Chapter 27 Molecular Basis of Inheritance Part 2 by TEACHING CARE online coaching classes

Chapter 27 Molecular Basis of Inheritance Part 2 by TEACHING CARE online coaching classes


 Genetic engineering.                                                                                                                                           

(i) Recombinant DNA technology

  • Definition : Genetic engineering, a kind of biotechnology, is the latest branch in applied genetics dealing the alteration of the genetic make up of cells by deliberate and artificial means. Genetic engineering involves transfer or replacement of genes, so also known as recombination DNA technology or gene splicing.
  • Tools of genetic engineering : Two enzymes used in genetic engineering are restriction endonuclease and R.E. is used to cut the plasmid as well as the foreign DNA molecules of specific points while ligase is used to seal gaps or to join bits of DNA.

The ability to clone and sequence essentially any gene or other DNA sequence of interest from any species depends on a special class of enzymes called restriction endonucleases. Restriction endonucleases are also called as molecular scissors or ‘chemical scalpels’. Restriction endonucleases cleave DNA molecules only at specific nucleotide sequence called restriction sites. The first restriction enzyme identified from a bacterial strain is designated I, the second II and so on, thus, restriction endonuclease EcoRI is produced by Escherichia coli strain RY


CT T A A ­ G
  • Restriction enzyme called EcoRI recognizes the sequence G ¯A AT T C

and cleaves the DNA between G and A


on both strands. Restriction nucleases make staggered cuts; that is, they cleave the two strands of a double helix at different joints and blunt ended fragments; that is, they cut both strands at same place.

Characteristics of some restriction endonucleases


Enzyme name Pronunciation Organism in which enzyme is found Recognition sequence and position of cut
Bam HI “bam-H-one” Bacillus amyloliquefaciens H 5¢ G¯GAT C C 3¢

3¢ C C TAG­ G 5¢

Bgl II “bagel-two” Bacillus globigi A¯G A T C T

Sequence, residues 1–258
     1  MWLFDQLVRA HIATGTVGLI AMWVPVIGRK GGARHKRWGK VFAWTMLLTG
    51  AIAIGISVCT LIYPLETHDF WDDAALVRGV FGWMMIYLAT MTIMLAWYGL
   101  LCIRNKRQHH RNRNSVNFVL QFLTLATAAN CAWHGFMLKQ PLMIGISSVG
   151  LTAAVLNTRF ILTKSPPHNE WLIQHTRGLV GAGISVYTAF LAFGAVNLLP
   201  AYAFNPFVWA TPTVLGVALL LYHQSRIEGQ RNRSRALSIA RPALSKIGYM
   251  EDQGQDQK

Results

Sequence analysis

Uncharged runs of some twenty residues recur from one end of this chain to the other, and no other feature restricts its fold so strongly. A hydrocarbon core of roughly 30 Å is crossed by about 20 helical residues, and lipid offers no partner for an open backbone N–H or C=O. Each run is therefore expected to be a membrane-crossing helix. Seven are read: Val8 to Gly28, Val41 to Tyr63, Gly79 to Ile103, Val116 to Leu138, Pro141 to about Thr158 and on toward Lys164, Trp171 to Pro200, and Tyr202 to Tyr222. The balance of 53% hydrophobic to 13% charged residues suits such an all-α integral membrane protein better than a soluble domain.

Eco RI “echo-R-one” E. coli RY13 G¯ A A T T C


Hae II “hay-two” Haemophilus aegyptius R G C G C¯Y


Hind III “hin-D-three” Haemophilus influenzae Rd A¯ A G C T T

T T C G A­ A

Pst I “P-S-T-one” Providencia stuartii C T G C A¯G

G­ A C G T C

Sma I “sma-one” Serratia marcescens C C C ¯ G G G

G G G ­ C C C

Hae III “hay-three” Haemophilus aegyptius G G ¯ C C

C C ­ G G

Hha I “ha-ha-one” Haemophilus hemolyticus G C G ¯C


Hpa II “hepa-two” Haemophilus parainfluenzae C¯ C G G





  • Steps of recombinant DNA technology
    • Isolating a useful DNA segment from the donor
    • Splicing it into a suitable vector under conditions to ensure that each vector receives no more than one DNA
    • Producing of multiple copies of his recombinant
    • Inserting this altered DNA into a recipient
    • Screening of the transformed
  • Vectors : Vector in genetic engineering is usually a DNA segment used as a carrier for transferring selected DNA into living Which are as follows
    • Plasmid : Plasmid are extrachromosomal, closed circular double stranded molecules of DNA present in most eukaryotes. All plasmid carry replicons pieces of DNA that have the genetic information required to replicate. Plasmid pBR 322 was one of the first widely used cloning vectors, it contain both ampicillin and tetracycline resistance
    • Phage : It is constructed from the phage l chromosomes and acts as bacteriophage cloning
    • Cosmid : The hybrids between plasmid and the phage l chromosome give rise to cosmid Beside all these there are artificial chromosomes like

BACs (Bacterial Artificial chromosomes) YACs (Yeast Artificial chromosomes)

MACs (Mammalian Artificial chromosomes) are very efficient vectors for eukaryotic gene transfers.

  • Application of recombinant DNA technology : The technique of recombinant DNA can be employed in the following
  • It can be used to elucidate molecular events in the biological process such as cellular differentiation and The same can be used for making gene maps with precision.
  • In biochemical and pharmaceutical industry, by engineering genes, useful chemical compounds can be produced cheaply and efficiently which is shown in

Applications of recombinant DNA products


Medically useful recombinant products Applications
Human insulin Treatment of insulin-dependent diabetes
Human growth hormone Replacement of missing hormone in short stature people
Calcitonin Treatment of rickets
Chronic gonadotropin Treatment of infertility
Blood clotting factor VIII/IX Replacement of clotting factor missing in patients with Haemophilia A/B
Tissue plasminogen activator Dissolving blood clots after heart attacks and strokes
Erythropoitin Stimulation of the formation of erythrocytes (RBCs) for patients suffering from anaemia during kidney dialysis or side effects of AIDS patients treated by drugs